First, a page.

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# Operations on Functions

## Addition, subtraction, multiplication, and division of two or more functions.

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Practice Operations on Functions

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MCC9 - 12.F.BF.1b Function Operations

The area of a rectangle is \begin{align*}2x^2\end{align*}. The length of the rectangle is 4x + 3. What is the width of the rectangle? What restrictions, if any, are on this value?

### Guidance

When you add, subtract, or multiply functions, it is exactly the same as what you would do with algebraic expressions, except for the notation.  For example if f(x) = x + 5 and g(x) = x2 - 4x + 8, find  \begin{align*}f(x)-g(x)\end{align*}.

\begin{align*}f(x)-g(x)&=(x+5)-(x^2-4x+8)\\ &=x+5-x^2+4x-8 \\ &=-x^2+5x-3\end{align*}

Distribute the negative sign to the second function and combine like terms. Be careful! \begin{align*}f(x)-g(x) \ne g(x)-f(x)\end{align*}.

Also, this new function, \begin{align*}f(x)-g(x)\end{align*} has a different domain and range that either \begin{align*}f(x)\end{align*} or \begin{align*}g(x)\end{align*}.

#### Example A

If \begin{align*}f(x)= \sqrt{x-8}\end{align*} and \begin{align*}g(x)= \frac{1}{2} x^2\end{align*}, find \begin{align*}fg\end{align*} and \begin{align*}\frac{f}{g}\end{align*}. Determine any restrictions for \begin{align*}\frac{f}{g}\end{align*}.

Solution: First, even though the \begin{align*}x\end{align*} is not written along with the \begin{align*}f(x)\end{align*} and \begin{align*}g(x)\end{align*}, it can be implied that \begin{align*}f\end{align*} and \begin{align*}g\end{align*} represent \begin{align*}f(x)\end{align*} and \begin{align*}g(x)\end{align*}.

\begin{align*}fg= \sqrt{x-8} \cdot \frac{1}{2} x^2= \frac{1}{2} x^2 \sqrt{x-8}\end{align*}

To divide the two functions, we will place \begin{align*}f\end{align*} over \begin{align*}g\end{align*} in a fraction.

\begin{align*}\frac{f}{g}= \frac{\sqrt{x-8}}{\frac{1}{2} x^2}= \frac{2 \sqrt{x-8}}{x^2}\end{align*}

To find the restriction(s) on this function, we need to determine what value(s) of \begin{align*}x\end{align*} make the denominator zero because we cannot divide by zero. In this case \begin{align*}x \ne 0\end{align*}. Also, the domain of \begin{align*}f(x)\end{align*} is only \begin{align*}x \ge 8\end{align*}, because we cannot take the square root of a negative number. The portion of the domain where \begin{align*}f(x)\end{align*} is not defined is also considered part of the restriction. Whenever there is a restriction on a function, list it next to the function, separated by a semi-colon. We will not write \begin{align*}x \ne 0\end{align*} separately because it is included in \begin{align*}x \cancel{<} 8\end{align*}.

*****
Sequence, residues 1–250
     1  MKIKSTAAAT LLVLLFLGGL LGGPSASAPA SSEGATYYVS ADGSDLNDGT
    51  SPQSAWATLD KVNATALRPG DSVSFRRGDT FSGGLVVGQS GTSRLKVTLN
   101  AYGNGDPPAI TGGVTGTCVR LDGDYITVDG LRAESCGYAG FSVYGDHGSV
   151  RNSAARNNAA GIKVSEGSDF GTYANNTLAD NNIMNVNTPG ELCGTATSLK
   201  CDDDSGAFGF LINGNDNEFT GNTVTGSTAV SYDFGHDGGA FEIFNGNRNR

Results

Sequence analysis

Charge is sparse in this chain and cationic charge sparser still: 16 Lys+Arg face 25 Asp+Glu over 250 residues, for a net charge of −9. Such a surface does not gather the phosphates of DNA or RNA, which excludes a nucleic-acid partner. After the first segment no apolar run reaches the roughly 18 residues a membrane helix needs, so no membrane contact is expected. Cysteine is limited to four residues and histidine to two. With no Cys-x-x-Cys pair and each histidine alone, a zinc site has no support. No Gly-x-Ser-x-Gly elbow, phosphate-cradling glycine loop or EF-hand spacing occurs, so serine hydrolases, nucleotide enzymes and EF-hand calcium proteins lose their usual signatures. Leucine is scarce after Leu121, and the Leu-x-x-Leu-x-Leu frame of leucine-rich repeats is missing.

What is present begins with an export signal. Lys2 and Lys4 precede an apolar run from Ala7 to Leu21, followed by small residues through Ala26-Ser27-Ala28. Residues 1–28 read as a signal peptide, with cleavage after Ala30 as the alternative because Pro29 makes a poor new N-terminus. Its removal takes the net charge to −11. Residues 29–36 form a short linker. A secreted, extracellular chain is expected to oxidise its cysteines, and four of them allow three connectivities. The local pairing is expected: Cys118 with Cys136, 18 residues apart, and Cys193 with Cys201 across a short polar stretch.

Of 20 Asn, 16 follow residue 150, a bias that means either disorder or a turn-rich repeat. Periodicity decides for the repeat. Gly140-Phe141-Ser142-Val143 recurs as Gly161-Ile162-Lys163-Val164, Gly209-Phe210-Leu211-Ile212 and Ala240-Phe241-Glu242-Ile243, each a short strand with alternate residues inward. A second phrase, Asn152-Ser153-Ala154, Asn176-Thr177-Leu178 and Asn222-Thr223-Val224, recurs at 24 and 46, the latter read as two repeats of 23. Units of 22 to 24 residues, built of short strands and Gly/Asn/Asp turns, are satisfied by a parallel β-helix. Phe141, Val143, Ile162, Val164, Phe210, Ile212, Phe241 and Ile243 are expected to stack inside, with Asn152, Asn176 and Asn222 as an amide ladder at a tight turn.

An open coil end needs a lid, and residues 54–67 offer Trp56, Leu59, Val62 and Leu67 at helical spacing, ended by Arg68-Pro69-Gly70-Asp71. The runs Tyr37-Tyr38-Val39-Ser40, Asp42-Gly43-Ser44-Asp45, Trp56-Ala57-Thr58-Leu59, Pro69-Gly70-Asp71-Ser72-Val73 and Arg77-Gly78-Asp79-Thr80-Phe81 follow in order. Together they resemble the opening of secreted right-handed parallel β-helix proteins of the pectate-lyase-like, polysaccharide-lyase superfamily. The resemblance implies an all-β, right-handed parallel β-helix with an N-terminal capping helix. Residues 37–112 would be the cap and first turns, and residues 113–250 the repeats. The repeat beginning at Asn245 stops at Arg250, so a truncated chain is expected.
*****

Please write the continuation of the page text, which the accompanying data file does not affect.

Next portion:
\begin{align*}\frac{f}{g}=\frac{2 \sqrt{x-8}}{x^2}; x \cancel{<} 8\end{align*}

Now we will introduce a new way to manipulate functions; composing them. When you compose two functions, we put one function into the other, where ever there is an \begin{align*}x\end{align*}. The notation can look like \begin{align*}f(g(x))\end{align*} or \begin{align*}f \circ g\end{align*}, and is read “\begin{align*}f\end{align*} of \begin{align*}g\end{align*} of \begin{align*}x\end{align*}”. Let’s do an example.

#### Example B

Using \begin{align*}f(x)\end{align*} and \begin{align*}g(x)\end{align*} from Example A find \begin{align*}f(g(x))\end{align*} and \begin{align*}g(f(x))\end{align*} and any restrictions on the domains.

Solution: For \begin{align*}f(g(x))\end{align*}, we are going to put \begin{align*}g(x)\end{align*} into \begin{align*}f(x)\end{align*} everywhere there is an \begin{align*}x\end{align*}-value.

\begin{align*}f(g(x))= \sqrt{g \left(x \right)-8}\end{align*}

Now, substitute in the actual function for \begin{align*}g(x)\end{align*}.

\begin{align*}f(g(x))&= \sqrt{g \left(x \right)-8} \\ &= \sqrt{\frac{1}{2}x^2-8}\end{align*}

To find the domain of \begin{align*}f(g(x))\end{align*}, let’s determine where \begin{align*}x\end{align*} is defined. The radicand is equal to zero when \begin{align*}x=4\end{align*} or \begin{align*}x=-4\end{align*}. Between 4 and -4, the function is not defined because the square root would be negative. Therefore, the domain is all real numbers; \begin{align*}-4 \cancel{<} \ x \cancel{<} 4\end{align*}.

Now, to find \begin{align*}g(f(x))\end{align*}, we would put \begin{align*}f(x)\end{align*} into \begin{align*}g(x)\end{align*} everywhere there is an \begin{align*}x\end{align*}-value.

\begin{align*}g(f(x))&= \frac{1}{2} \left[f(x) \right]^2 \\ &= \frac{1}{2} \Big [ \sqrt{x-8} \Big ]^2 \\ &= \frac{1}{2}(x-8) \\ &= \frac{1}{2}x-4\end{align*}

Notice that \begin{align*}f(g(x)) \ne g(f(x))\end{align*}. It is possible that \begin{align*}f \circ g=g \circ f\end{align*} and is a special case, addressed in the next concept. To find the domain of \begin{align*}g(f(x))\end{align*}, we will determine where \begin{align*}x\end{align*} is defined. \begin{align*}g(f(x))\end{align*} is a line, so we would think that the domain is all real numbers. However, while simplifying the composition, the square and square root canceled out. Therefore, any restriction on \begin{align*}f(x)\end{align*} or \begin{align*}g(x)\end{align*} would still exist. The domain would be all real numbers such that \begin{align*}x \ge 8\end{align*} from the domain of \begin{align*}f(x)\end{align*}. Whenever operations cancel, the original restrictions from the inner function still exist. As with the case of \begin{align*}f(g(x))\end{align*}, no simplifying occurred, so the domain was unique to that function.

#### Example C

If \begin{align*}f(x)=x^4-1\end{align*} and \begin{align*}g(x)=2 \sqrt[4]{x+1}\end{align*}, find \begin{align*}g \circ f\end{align*} and the restrictions on the domain.